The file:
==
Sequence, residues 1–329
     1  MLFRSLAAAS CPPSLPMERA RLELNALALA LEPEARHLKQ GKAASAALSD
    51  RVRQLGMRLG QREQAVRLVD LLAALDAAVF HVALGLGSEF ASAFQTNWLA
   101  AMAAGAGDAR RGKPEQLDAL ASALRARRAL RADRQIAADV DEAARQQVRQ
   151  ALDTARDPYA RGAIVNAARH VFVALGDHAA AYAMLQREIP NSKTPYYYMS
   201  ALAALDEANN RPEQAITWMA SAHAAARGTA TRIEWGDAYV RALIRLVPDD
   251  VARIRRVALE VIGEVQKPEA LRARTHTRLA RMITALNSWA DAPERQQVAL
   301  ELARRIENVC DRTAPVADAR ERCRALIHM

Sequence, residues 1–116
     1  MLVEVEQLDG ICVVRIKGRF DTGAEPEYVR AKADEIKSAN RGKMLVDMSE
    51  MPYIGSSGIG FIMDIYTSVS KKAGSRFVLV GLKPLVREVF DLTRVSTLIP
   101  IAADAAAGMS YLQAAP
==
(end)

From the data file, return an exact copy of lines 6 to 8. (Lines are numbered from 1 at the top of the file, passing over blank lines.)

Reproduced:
   201  ALAALDEANN RPEQAITWMA SAHAAARGTA TRIEWGDAYV RALIRLVPDD
   251  VARIRRVALE VIGEVQKPEA LRARTHTRLA RMITALNSWA DAPERQQVAL
   301  ELARRIENVC DRTAPVADAR ERCRALIHM